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Heijo Palace Site
The ancient capital of Japan in the 8th century
For 74 years starting from 710 A.D., the capital of Japan was Nara Heijokyo. Heijo Palace, situated at the center of the capital was a gigantic palace extending 1.3km east to west and 1km north to south, occupying a total area of 120ha. Recently, "Suzakumon," the main gate of the Capital and "Toin Teien" garden have been reconstructed. The Nara Palace Site Museum displays pictures of the excavations of Heijo Palace, and models of the old buildings.
tel0742-34-3931 (The Nara National Cultural Properties Research Institute) / 9:00 - 16:00 / Closed on Mondays (The Nara Palace Site Museum and the Excavation Site Exhibition Hall)
admissionAdmission Free
accessTake bus No. 12 or 140 from JR or Kintetsu Nara Station and get off at Heijokyuseki.

Saidaiji Temple
Try powdered green tea served in an oversized bowl
Established in 765 A.D., Saidaiji Temple literally means the Great Western Temple of Nara Heijokyo, then the Capital. "Ochamori" is a popular but unique and casual tea ceremony practiced at Saidaiji Temple. Visitors are served powdered green tea in an extra large tea bowl more than 50cm in diameter. The bowl of course is too large to taste from without the help of your neighbors and the sight will bring a laugh for everyone.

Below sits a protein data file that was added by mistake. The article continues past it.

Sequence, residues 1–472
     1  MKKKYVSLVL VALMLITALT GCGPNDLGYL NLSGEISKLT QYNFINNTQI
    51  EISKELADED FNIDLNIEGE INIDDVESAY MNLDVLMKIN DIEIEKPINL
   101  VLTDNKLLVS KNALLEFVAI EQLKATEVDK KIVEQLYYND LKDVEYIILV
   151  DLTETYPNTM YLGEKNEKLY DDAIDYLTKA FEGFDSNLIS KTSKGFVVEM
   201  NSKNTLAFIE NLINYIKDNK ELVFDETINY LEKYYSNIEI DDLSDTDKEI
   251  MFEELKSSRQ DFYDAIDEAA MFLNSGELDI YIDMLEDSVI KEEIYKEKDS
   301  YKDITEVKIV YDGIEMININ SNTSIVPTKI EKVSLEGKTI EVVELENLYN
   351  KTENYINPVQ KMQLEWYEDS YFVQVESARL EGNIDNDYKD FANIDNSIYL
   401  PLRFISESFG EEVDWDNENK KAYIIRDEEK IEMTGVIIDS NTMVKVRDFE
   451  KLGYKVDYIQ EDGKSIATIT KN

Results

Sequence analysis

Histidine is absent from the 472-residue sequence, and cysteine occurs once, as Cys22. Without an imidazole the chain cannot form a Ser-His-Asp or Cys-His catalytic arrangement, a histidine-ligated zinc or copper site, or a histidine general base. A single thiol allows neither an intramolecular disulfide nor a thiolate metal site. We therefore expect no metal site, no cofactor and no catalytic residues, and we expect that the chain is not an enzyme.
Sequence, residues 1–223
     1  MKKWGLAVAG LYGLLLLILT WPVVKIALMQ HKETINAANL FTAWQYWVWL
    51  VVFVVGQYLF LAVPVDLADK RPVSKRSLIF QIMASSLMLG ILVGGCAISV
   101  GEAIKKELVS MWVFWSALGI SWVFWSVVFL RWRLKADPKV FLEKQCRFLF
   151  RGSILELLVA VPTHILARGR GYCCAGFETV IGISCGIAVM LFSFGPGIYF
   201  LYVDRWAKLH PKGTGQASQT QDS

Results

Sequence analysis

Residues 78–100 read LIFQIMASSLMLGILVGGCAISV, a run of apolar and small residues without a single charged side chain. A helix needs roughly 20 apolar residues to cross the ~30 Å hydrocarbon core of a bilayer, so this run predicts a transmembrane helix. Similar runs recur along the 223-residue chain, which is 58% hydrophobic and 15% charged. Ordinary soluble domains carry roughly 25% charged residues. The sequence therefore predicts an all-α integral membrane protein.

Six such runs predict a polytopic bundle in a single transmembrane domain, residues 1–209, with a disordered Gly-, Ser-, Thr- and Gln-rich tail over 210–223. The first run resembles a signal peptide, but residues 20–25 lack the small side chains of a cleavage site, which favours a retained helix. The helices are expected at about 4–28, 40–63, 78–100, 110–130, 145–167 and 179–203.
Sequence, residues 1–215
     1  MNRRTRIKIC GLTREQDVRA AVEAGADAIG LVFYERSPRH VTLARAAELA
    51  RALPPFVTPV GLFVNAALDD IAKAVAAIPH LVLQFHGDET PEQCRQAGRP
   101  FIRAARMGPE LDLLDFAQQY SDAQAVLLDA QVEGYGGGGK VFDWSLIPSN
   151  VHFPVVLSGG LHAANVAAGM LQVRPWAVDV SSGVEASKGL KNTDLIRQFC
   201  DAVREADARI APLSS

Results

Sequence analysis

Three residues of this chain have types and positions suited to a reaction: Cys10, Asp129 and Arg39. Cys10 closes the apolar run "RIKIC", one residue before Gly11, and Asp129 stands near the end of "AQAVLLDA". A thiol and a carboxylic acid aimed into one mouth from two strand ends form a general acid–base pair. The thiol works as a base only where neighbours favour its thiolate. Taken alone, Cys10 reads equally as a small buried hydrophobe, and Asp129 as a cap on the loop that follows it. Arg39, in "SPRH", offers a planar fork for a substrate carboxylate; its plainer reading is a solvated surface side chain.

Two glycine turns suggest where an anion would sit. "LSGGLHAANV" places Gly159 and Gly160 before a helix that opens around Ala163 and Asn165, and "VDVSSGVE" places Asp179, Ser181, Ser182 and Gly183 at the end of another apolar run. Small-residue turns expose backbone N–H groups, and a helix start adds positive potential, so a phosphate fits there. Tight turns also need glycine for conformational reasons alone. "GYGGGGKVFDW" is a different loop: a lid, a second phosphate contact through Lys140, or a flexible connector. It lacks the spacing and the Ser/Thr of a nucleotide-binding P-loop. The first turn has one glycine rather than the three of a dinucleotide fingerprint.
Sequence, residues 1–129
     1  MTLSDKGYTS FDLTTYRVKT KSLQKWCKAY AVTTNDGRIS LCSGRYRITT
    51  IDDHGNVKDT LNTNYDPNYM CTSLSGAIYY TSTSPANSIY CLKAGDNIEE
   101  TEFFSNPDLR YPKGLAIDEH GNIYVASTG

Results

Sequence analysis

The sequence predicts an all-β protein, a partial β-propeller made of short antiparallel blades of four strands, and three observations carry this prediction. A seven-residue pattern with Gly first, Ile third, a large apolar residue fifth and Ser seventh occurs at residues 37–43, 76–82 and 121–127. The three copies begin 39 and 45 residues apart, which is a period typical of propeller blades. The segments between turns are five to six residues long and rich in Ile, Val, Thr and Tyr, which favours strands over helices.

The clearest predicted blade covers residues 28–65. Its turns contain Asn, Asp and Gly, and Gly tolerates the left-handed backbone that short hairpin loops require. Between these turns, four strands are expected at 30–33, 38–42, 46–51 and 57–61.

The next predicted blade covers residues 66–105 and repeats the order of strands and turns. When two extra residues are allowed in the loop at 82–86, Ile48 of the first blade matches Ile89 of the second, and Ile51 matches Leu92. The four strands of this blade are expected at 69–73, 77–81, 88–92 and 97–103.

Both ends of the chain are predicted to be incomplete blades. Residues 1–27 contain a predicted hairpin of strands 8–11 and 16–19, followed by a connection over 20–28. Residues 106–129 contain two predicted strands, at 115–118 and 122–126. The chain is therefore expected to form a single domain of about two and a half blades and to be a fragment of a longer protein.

tel0742-45-4700 / 8:30 - 16:30 / Open 7 days a week
admissionadmission400 (Kondo Hall) admission300 (each for the Juhokan Hall and Shihokan Hall)
accessA 3-minute walk from Kintetsu Yamato Saidaiji Station

Yakushiji Temple
The eastern terminus of the Silk Road
The East Pagoda is the only building existing from the Hakuho Period (8th century) in Yakushiji Temple, and stands 34m in height. Inside the Main Hall is 'Yakushi Nyorai,' a divine protector against illness, and its two side-attendant Buddhist statues. These three Buddhist statues, which are collectively referred as "Yakushi Sanzon", are made of bronze, are 2.6m in height and are among the finest examples of Buddhist art in Japan.
tel0742-33-6001 / 8:30 - 17:00 / Open 7 days a week
accessNext to Kintetsu Nishinokyo Station

Toshodaiji Temple
Uchiwamaki - a ceremony in which paper fans are given away to remove bad luck
Founded in 759 A.D. by Priest Ganjin, a priest of the Tang Dynasty, Toshodaiji Temple practices the Ritsu Sect of Buddhism. Ganjin underwent tremendous hardships in his attempts to visit Japan and spread Buddhism. After a period of 12 years, in which he failed five times to cross the Japan Sea, he was finally able to land in Japan, though he had, by that time, become totally blind due to the tough voyage. He ended his life at Toshodaiji Temple. The statue of the Priest Ganjin is a national treasure, and is the oldest portrait sculpture in Japan. The Uchiwamaki ceremony takes place on May 19th, when heart shaped paper fans are scattered among the crowd to ward off bad luck.
tel0742-33-7900 / 8:30 - 17:00 / Open 7 days a week
accessA 7-minute walk from Kintetsu Nishinokyo Station
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